September 8, 2013

CONFOUNDING CLARITY:

There's no unlimited right to bear arms (Joseph J. Ellis, September 8, 2013, LA Times)

The language of the 2nd Amendment is quite clear: "A well regulated militia, being necessary to the security of a free state, the right of the people to keep and bear arms, shall not be infringed." As the minority in the Heller decision argued, and more than a century of judicial precedent at the federal level established, the right to bear arms was not an inherent right of citizenship but rather a right that derived from service in the militia.

The historical context in which these words were crafted clarifies what was in James Madison's mind when he wrote them. In 1787-88, seven of the states that ratified the proposed Constitution did so on the condition that Congress give consideration to adding several amendments if and when it went into effect. These states proposed 124 amendments, none of which mentioned the right to bear arms but several of which mentioned the fear of a standing army.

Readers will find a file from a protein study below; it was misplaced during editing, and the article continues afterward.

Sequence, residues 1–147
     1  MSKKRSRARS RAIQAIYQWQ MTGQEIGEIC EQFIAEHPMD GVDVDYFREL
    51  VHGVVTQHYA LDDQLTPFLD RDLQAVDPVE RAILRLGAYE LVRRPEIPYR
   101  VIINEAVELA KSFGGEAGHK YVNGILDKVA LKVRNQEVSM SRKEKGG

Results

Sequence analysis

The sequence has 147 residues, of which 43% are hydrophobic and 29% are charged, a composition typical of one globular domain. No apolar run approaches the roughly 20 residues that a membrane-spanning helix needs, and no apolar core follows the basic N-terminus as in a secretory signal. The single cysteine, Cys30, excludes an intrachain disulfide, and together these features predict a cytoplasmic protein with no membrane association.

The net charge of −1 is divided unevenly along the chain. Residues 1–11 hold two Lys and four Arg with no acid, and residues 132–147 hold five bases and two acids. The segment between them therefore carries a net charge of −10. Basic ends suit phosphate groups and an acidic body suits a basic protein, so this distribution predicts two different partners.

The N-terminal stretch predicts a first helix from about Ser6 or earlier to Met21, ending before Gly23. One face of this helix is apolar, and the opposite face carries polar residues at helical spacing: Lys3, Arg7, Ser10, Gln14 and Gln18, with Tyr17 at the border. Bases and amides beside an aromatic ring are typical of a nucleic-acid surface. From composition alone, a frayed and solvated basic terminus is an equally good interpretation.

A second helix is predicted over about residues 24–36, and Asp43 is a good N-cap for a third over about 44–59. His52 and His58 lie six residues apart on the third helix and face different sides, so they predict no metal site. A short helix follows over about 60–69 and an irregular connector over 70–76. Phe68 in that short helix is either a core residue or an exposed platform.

When Madison sat down to write what became the Bill of Rights in the summer of 1789, those 124 proposed amendments served as the basis for his deliberations. He distilled from them an essence of 12 amendments, subsequently reduced by the states to 10. The 2nd Amendment represented Madison's attempt to respond to the fears of a standing army by assuring that national defense would reside in the states and in militias, not at the federal level in a professional army. The right to bear arms derived from the need to assure that state militia could perform its essential mission.

Posted by at September 8, 2013 9:52 AM
  

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